Georgia has some harsh sentencing laws for drug charges, but individuals should still be mindful before entering into a plea agreement with a prosecutor, even if it seems like a better deal than the potential alternative at trial. In Nevada, five individuals who pled guilty to drug charges had those charges overturned after it was discovered that the evidence used to induce the pleas was invalid. Though these convictions were overturned in 2017, they were only filed in the National Registry of Exonerations this year.

The evidence in question came from roadside drug tests, which are used to determine if a substance is illegal. The drug tests costs about $2 each and are convenient for police officers, which has led to an increase in use. The drug test solution is supposed to turn a different color if it is mixed with an illicit substance, but the test can result in false positives, which was the case in Nevada. Five people in Oregon and more than 250 in Texas also had their convictions overturned on similar grounds.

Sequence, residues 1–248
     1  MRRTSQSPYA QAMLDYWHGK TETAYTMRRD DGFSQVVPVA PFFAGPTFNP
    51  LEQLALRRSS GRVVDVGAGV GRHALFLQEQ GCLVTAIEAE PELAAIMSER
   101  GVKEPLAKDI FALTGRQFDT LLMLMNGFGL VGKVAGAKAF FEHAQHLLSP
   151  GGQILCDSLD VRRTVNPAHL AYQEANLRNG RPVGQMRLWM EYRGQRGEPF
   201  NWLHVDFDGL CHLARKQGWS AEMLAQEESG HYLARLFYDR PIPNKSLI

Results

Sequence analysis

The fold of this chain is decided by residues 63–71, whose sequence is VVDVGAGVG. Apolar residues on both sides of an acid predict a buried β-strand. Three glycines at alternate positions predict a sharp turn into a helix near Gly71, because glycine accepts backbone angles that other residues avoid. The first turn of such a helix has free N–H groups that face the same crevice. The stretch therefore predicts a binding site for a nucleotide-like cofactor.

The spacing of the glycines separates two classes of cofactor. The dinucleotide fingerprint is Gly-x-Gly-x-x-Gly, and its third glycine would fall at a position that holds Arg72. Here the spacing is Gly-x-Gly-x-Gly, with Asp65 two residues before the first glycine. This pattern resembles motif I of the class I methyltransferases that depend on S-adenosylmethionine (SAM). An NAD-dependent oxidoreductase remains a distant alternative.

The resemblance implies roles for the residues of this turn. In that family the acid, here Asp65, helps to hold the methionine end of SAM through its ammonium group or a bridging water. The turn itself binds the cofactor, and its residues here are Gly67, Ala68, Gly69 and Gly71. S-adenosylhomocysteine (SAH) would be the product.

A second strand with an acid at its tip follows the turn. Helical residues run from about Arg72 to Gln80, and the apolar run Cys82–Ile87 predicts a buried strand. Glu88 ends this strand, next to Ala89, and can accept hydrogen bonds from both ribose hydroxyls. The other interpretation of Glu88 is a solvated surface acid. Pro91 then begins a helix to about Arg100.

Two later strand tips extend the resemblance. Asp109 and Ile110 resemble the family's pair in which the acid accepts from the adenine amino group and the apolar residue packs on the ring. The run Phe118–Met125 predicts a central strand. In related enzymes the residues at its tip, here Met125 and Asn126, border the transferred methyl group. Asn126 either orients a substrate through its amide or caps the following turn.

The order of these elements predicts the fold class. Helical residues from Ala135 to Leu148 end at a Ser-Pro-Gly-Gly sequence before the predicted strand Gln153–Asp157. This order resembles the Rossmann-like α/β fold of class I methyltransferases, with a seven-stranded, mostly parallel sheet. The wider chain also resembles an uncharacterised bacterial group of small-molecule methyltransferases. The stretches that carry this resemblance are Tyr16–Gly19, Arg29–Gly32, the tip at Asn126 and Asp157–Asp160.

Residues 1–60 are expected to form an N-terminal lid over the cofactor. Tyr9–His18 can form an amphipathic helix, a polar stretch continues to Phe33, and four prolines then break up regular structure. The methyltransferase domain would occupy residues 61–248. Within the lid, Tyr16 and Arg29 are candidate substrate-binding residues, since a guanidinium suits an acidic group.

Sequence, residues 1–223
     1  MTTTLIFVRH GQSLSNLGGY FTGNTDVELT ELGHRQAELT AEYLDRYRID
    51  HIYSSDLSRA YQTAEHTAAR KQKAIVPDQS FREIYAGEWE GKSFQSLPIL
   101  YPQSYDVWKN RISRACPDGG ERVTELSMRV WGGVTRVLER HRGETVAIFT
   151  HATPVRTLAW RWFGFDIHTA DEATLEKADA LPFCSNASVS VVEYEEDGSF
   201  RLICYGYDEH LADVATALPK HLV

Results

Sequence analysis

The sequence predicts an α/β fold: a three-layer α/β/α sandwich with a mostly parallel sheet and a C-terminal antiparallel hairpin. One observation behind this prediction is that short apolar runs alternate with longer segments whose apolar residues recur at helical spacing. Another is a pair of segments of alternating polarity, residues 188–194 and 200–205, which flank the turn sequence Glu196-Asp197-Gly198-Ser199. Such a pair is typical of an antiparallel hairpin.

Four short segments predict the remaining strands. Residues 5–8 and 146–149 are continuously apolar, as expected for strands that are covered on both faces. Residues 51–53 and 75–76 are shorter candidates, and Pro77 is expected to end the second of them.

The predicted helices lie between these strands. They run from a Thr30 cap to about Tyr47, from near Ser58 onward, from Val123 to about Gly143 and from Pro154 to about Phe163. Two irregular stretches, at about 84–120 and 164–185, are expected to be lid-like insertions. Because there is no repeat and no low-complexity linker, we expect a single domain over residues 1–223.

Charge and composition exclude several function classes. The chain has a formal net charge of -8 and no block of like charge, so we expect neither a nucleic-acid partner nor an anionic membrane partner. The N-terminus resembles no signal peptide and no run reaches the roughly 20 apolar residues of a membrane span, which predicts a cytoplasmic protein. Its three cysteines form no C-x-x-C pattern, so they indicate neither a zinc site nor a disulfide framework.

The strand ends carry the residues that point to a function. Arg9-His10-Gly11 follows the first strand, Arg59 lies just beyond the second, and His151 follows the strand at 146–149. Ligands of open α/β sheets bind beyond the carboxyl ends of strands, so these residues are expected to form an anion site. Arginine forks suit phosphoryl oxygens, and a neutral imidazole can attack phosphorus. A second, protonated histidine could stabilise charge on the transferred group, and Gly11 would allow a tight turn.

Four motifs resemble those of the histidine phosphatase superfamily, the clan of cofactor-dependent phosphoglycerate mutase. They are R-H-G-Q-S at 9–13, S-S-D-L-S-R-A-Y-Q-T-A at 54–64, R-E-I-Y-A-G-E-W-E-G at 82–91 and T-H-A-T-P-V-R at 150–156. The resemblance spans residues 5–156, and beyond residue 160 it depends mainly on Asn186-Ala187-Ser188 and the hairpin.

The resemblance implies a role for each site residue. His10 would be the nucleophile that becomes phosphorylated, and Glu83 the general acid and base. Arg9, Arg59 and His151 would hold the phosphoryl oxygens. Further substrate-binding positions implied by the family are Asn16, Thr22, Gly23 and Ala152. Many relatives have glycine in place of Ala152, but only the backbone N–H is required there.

Officers often destroy the drug tests after a defendant pleads guilty to a drug charge, but a lab was able to analyze the tests in the above cases and render an analysis that resulted in exoneration of the suspects. Given the unreliability of the roadside drug tests, many judges will not allow prosecutors to introduce test results into evidence at trial, but officers continue to utilize them anyway.

The above examples illustrate why it is important to have a good criminal defense attorney before entering into a plea deal with prosecutors. An attorney is more likely to be aware of what evidence is inadmissible, and an attorney can decide if it is necessary to file a motion to suppress evidence if it was obtained illegally.